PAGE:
The Ottumwa Courier

September 10, 2013

Union bus drivers want school district support

Courier staff writer

---- — OTTUMWA — A union representing school district bus drivers is reaching out to the school board for help in negotiations with the bus company the district uses for transportation services.

Drivers attended the school board meeting this week to explain what they are asking for from Southern Iowa Transit, which, for several years, has been the district's busing service. Several drivers addressed the board for about three minutes each during the “communication with the public” portion of the meeting. The school bus drivers formed a union in February, Jon Thomas said.

The way negotiations are going now, "there definitely could be a disruption in service,” said Thomas, a Des Moines organizer and business agent for Teamsters Local 238.

That’s not what they want, he said, but if it does happen, it would impact more than just parents of school-aged children.

“This would affect 90 percent of the community,” said one speaker.

Several said salary isn’t their biggest concern. Thomas told the board one major sticking point is that the company won't give employees three days of paid bereavement leave. Negotiations have managed to get Southern Iowa Transit to one paid day and two unpaid days when an immediate family member of an employee dies.

This trouble with contract negotiations is about respect, Thomas and the drivers said. That includes fairness in discipline and other non-monetary issues.

One of the drivers told the school board how bus drivers care about the children and the parents. The kids run up and say hello when they see their driver out in public.

In fact, a speaker Monday night said he had heard a rumor circulating before school started. It implied Ottumwa bus drivers would just refuse to drive on the first day of school. This group wouldn't do that to the kids, he said, because that's who would have suffered. He explained that suddenly “not showing up” isn’t an option because the drivers are not the kind of people to leave their students standing on the corner, waiting and waiting for a bus that never arrives.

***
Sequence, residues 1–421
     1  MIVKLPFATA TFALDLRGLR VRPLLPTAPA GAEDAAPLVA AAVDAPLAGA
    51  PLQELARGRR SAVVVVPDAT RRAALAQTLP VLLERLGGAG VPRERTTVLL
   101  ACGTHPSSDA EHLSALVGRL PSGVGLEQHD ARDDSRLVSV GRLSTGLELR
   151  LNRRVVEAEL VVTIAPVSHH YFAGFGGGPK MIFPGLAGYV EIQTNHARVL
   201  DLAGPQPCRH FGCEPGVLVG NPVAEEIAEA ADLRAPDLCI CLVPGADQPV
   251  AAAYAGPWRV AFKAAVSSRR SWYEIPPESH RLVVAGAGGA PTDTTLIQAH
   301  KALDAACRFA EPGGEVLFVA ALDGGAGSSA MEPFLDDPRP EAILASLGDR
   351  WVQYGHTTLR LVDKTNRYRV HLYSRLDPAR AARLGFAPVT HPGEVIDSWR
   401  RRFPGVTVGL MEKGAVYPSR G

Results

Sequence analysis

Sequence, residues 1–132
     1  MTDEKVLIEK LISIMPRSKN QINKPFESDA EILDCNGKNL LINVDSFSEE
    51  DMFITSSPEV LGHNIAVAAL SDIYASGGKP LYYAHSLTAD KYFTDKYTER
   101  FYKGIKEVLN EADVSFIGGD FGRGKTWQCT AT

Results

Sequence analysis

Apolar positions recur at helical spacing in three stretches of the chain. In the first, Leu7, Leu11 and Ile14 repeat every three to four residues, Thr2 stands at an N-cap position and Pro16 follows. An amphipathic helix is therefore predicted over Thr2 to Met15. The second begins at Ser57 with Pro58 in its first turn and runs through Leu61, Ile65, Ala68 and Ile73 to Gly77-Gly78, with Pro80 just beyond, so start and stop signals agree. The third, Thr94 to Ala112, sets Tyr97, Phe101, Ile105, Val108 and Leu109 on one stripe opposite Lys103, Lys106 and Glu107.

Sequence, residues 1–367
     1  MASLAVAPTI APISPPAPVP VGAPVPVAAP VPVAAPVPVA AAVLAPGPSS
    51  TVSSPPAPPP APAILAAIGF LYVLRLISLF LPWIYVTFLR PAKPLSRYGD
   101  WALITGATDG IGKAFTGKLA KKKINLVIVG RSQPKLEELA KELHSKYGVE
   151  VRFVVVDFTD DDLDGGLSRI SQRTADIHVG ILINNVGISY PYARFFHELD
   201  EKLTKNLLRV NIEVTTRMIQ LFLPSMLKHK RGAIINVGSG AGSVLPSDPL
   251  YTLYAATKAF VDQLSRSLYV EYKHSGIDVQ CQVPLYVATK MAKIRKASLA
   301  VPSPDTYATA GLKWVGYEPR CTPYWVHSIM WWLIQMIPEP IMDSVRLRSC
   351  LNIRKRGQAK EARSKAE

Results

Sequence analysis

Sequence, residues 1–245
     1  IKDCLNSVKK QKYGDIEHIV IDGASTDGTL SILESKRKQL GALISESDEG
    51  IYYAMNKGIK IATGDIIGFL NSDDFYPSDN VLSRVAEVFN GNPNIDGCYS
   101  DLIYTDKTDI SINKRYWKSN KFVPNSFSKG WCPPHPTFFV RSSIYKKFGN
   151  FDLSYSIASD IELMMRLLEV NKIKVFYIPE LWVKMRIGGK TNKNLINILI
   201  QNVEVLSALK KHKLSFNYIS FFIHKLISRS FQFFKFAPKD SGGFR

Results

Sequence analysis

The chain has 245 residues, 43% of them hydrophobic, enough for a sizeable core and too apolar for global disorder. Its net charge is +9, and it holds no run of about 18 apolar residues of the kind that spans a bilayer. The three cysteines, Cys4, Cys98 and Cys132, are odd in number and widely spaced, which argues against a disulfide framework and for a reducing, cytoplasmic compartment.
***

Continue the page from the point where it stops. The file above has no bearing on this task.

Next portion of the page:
"We love our job," he said.

But the drivers do want help.

They may not be complaining, said Wapello County Supervisor Steve Siegel, about the money. But you need to know, he told the board, that bus drivers in surrounding communities are better paid and receive better benefits — even in small districts. Siegel works for a union and has conducted negotiations with the district in the past. He said he was recently made aware of the drivers' concerns.

"These bus drivers are not property of Southern Iowa Transit," added Thomas.

If they do "belong" to anyone, he said, it's the community.

The administrators running the district don't have time to worry, he continued, about how to pick up all the students needing transportation using the five bus drivers they would have if the union drivers did not have a contract. So if the school board could encourage Southern Iowa Transit to settle, all such trouble could be avoided.

School board members asked if Thomas could get them a chart showing pay and benefits in surrounding school districts. Thomas immediately agreed to send such a list to the district.

— To see reporter Mark Newman's Twitter feed, go to @couriermark

The board took other action as well at their meeting. But two of those "actions" included hearing from other speakers during the public communication part of the meeting. They heard from parents and teachers who didn't like the idea that the Ottumwa High School graduation ceremony could be moved to Friday evening. One speaker said graduations are important enough that they draw family from out of town and out of state. For those people to be in Ottumwa Friday, some would have to miss a day of work on Thursday and Friday. The board did vote on the "school calendar" item, and ruled that graduation would continue to be held on Sunday. The first speaker of the night warned that the district could be opening itself up for liability issues revolving around nutrition. He suggested that students learn better when healthy, and a good way to keep kids healthy is with a fruit snack. He explained that all children in all buildings should receive the same nutrition during the day --- breakfast, lunch and a snack, hopefully fruit. He believed that is not currently the case. If it's not, the district could be seen as discriminating against the students in some schools.